Heaven Falls by Winslow Elliot

Let me begin by saying that writing a novel is a terrific achievement. I know, having written one ~ and only one. My hat is off to anyone who can complete a novel.


That said, here is my honest opinion of Heaven Falls by Winslow Eliot, a romance with heavy dollops of mystery and intrigue.

Characters: This is the story of single mom Tess Duncan, struggling to pay the bills and raise her 10-year-old daughter Freya in New York City. Tess feels trapped and longs for adventure and romance in the great wide world — until death breaks the restraints holding back the secrets of the past, depositing her and Freya into the multi-million dollar world of Heaven Falls, an exclusive spa and resort for the super-rich.

Tess heads up an interesting, well-characterized cast. Winslow does a terrific job with the character triangle. She shows her characters in all three dimensions — what they say, what they do and what they look like. Here’s Tess, seen through the eyes of Jason, brother of Max who got Tess pregnant with Freya 10 years earlier, then abandoned her, then died in a car wreck.

Her thick brown hair just reached her shoulders, and the unbrushed curls made her look wantonly sexy and sleepily innocent at the same time. The planes of her cheeks were smooth, her gray eyes dreamy behind their sadness.

The cast includes a range of ages from elderly Heaven Falls family matriarch Lucia to 10-year-old Freya, each vividly portrayed and with his or her own agenda.

Here, Freya encounters Lucia:

Hesitating only a moment, she knocked.

“Come in.” A sweet, quavery voice.

Freya pushed open the door and peered inside. Sitting expectantly on a red velvet armchair sat a diminutive, elderly woman. Her white hair fell past her tiny shoulders, which was why, Freya realized now, she’d given such a ghost-like appearance downstairs. Her eyes were black and twinkling.

“Hello.” Freya stepped inside the room. “I’m Freya.”

“I know,” replied the old woman. “I am your great-grandmother Lucia.”

“My great-grandmother!” Freya exclaimed in delight. “I can’t believe how many relatives I’ve discovered recently.”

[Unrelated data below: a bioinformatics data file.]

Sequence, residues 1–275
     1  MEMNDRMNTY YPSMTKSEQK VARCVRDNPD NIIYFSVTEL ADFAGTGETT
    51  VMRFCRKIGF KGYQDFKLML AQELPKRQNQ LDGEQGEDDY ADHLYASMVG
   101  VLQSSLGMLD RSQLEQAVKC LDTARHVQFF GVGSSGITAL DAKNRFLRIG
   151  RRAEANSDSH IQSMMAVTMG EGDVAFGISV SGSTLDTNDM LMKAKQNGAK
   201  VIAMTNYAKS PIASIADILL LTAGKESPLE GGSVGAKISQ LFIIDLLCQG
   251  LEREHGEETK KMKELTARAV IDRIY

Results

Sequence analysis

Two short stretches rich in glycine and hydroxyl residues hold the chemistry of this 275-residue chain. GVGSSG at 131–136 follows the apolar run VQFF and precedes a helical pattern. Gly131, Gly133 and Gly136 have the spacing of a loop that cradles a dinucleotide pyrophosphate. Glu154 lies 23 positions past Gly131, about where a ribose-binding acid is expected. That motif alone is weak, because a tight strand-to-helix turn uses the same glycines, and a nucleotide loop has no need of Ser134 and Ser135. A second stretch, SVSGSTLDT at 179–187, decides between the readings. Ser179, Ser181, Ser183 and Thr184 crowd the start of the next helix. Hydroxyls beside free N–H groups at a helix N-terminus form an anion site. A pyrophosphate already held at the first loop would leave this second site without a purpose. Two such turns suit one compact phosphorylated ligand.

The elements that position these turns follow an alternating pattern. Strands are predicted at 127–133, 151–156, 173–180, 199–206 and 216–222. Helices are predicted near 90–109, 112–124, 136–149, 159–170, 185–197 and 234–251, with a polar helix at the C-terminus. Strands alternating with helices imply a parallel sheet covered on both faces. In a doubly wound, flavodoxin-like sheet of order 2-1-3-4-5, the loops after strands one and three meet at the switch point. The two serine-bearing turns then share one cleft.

“Does it make you happy?”

“Of course! I mean, I loved living with Mom and Aunt Cory, but it was kind of lonely.” She looked around. “You have the nicest room!”

In contrast to the dark landing, the room was brightly lit. A colorful quilt covered a low daybed. On the floor were several large satin and velvet floor cushions, dotted with tiny mirrors.

“Please, do sit,” Lucia gestured graciously to the floor pillows. “Do you like it here at Heaven Falls?”

“It’s awesome,” Freya replied, sitting cross-legged on a large, soft cushion. Lucia looked pleased.

“Have you seen the spa yet? All the modern equipment and yoga and so forth puzzle me, but my boys say it is necessary to keep up to date. My idea was simply to offer a place where people could experience real pleasure and peace in nature, far away from the city.”

“So Heaven Falls belongs to you?”

“Yes, it is mine. I’m glad you like it so much.” The elderly woman seemed almost gleeful as she surveyed her great-granddaughter.

So many nice touches ~ “A sweet quavery voice.” “Her eyes were black and twinkling.” Great job on the characters, imho.

Plot: It’s rags to riches to romance via mystery, intrigue, and even some danger. And Heaven Falls features more secrets per square foot than any book I’ve read recently. Some secrets Winslow clues her readers in on. Others we have to learn the hard way, along with Tess, though in hindsight I can see there were a few clues.

When Tess’s beloved Aunt Cory dies, the Garrisons, who own Heaven Falls, reach out to Tess, ostensibly because Freya is a relation, having been fathered by Max Garrison in an abortive relationship with Tess before his death. Mostly for her daughter’s sake, Tess accepts the invitation to live with the wealthy family, though she senses they’re keeping something from her. How right you are, Tess.